5 Home Loan Myths Debunked
Buying a house is an endeavour that requires patience, due diligence, and a tinge of luck. These elements however are only an addition to the cost involved in buying a property – a cost that a buyer must fully understand and be aware of in order to determine his or her affordability lest falling into financial distress.
Here are five home loan myths we debunked:
Myth 1: You only need to save enough for the down payment to buy a home
It is true that one of the initial steps to buying a house is to be able to afford the down payment (usually 10% of the property’s purchase price); but when accumulating funds, one must factor in these additional costs – most of which are compulsory and must be paid upfront:
- Stamp duty
- Application fees
- Valuation fees
- Legal fees
- Mortgage insurance
In addition to the above costs, it is advisable that the buyer maintain a buffer fund amounting to at least 3 months gross salary in the event of an emergency or loss of employment.
Myth 2: The more you pay for the down payment, the better off you are
Putting down a larger down payment (more than what’s required) naturally equates to a smaller loan amount which in turn leads to lower monthly repayments but doing so means that more money is tied up in the house leaving the buyer with less money for repairs or to service other debts. If paying more for down payment means less (or no) contingency money left for you, you are better off keeping the money for emergency.
Myth 3: Pay more monthly to shorten loan tenure
Unless you have a flexi home loan, paying more than what the required monthly repayment is, may have little benefit to you. Furthermore, with the lock-in period attached to most home loans today, you may even be penalised for settling your home loan within the lock-in period.
Myth 4: Refinancing your home loan is a bad idea
Refinancing is an act of taking up a new home loan to repay an existing one in full. Refinancing – assuming done after the lock-in period of the original loan can result in significant reduction in monthly repayments but may also have an adverse financial effect.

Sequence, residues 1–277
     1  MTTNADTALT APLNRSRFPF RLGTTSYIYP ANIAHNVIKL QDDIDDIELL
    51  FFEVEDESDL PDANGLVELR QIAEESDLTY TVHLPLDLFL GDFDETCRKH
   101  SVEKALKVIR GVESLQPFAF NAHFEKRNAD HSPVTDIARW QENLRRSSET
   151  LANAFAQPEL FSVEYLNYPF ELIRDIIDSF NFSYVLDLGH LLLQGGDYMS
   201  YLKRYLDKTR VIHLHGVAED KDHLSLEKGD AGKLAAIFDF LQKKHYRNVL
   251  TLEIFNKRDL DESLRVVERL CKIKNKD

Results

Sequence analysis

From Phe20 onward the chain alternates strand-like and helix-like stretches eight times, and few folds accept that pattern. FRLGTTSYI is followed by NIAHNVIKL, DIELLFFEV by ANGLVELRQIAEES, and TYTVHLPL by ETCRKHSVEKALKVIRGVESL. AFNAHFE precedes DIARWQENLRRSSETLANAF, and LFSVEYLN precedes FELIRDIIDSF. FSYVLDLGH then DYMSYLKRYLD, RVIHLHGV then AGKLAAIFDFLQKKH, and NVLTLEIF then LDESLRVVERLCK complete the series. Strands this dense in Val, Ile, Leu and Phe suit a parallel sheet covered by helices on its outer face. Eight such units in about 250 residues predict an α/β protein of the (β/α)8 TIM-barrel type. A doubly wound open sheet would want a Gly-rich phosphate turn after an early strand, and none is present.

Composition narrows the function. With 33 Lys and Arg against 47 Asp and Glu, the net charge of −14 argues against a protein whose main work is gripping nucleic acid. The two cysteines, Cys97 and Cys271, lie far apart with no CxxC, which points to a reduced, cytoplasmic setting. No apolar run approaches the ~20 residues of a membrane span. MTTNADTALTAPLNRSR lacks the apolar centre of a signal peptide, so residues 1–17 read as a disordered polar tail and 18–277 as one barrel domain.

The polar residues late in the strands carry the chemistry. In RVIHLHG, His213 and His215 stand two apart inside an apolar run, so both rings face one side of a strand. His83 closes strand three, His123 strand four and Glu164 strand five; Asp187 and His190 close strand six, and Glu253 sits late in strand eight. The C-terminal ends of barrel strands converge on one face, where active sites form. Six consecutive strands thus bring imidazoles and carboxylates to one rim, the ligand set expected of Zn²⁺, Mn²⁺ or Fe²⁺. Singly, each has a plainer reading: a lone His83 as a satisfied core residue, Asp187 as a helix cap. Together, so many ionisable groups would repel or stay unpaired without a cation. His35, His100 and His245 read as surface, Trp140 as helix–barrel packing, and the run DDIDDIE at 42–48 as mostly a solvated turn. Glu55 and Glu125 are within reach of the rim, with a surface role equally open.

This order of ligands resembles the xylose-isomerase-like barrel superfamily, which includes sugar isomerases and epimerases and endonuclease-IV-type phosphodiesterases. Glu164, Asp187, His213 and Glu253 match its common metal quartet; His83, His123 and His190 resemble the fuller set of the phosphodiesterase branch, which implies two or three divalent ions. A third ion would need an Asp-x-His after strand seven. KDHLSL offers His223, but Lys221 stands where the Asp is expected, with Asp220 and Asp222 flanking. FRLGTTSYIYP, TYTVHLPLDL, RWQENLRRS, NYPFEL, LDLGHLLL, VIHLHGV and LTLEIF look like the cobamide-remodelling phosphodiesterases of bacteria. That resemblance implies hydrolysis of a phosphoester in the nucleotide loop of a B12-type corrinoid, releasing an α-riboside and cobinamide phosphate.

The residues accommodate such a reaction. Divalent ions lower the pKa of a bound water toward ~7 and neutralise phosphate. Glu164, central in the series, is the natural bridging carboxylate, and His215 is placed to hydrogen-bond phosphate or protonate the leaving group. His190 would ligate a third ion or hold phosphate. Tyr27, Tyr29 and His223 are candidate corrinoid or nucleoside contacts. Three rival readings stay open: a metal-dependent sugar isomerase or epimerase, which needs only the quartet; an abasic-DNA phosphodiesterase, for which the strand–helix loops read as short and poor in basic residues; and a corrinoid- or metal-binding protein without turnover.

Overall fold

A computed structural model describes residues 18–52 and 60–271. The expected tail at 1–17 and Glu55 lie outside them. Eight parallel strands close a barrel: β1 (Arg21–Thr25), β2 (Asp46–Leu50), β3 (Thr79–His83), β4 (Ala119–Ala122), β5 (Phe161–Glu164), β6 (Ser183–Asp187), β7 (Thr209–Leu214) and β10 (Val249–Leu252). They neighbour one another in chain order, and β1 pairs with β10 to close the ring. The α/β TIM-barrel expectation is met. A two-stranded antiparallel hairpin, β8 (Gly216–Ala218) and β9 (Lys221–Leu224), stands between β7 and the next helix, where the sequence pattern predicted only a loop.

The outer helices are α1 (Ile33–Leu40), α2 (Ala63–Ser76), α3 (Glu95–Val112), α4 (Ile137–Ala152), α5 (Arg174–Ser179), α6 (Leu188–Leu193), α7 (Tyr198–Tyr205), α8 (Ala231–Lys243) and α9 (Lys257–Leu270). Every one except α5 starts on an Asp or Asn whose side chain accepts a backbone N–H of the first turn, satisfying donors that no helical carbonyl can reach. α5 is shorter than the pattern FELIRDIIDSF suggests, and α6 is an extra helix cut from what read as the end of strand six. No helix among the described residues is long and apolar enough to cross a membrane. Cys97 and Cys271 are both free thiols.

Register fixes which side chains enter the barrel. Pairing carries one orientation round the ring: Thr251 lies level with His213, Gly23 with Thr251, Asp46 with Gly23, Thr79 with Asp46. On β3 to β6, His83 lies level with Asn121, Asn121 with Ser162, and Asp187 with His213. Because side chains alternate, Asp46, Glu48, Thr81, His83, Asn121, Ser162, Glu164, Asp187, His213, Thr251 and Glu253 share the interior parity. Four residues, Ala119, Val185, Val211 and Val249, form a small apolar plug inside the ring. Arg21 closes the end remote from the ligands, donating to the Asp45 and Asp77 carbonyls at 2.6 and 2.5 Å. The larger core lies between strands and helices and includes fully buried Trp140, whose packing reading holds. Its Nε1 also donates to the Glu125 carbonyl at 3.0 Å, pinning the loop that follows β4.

When contemplating refinancing, it is important to weigh the savings in interest from the existing loan against the entry cost (if any) and the interest rates of the new loan. The latter is especially important as rates may be lower in the first year but higher in subsequent years. Find out more about home loan refinancing before making the decision.
Myth 5: Waiting for the right age to buy a home
Most people will advise the younger generations to wait before entering into a loan, especially a home loan that may take three decades to pay up, for fear of bankruptcy.
While there is truth in that warning, one should not shun the idea of taking up a loan at a young age – assuming one can afford it. So, when is the right time to buy a home?
Beginning July 5, 2013, banks are no longer permitted to offer a home loan of more than 35 years. This regulation coupled with the fact that most loan tenures only run up till the borrower reaches the age of 65 means that a borrower is only allowed a maximum loan tenure of 25 years if taking up a loan at the age of 40. A shorter loan tenure means higher monthly repayments, putting a strain on the borrowers financial status.
Therefore, it is advisable for young professionals to start planning early to purchase their first home.
With these myths busted and debunked, buying your first home will not seem as scary a prospect as before.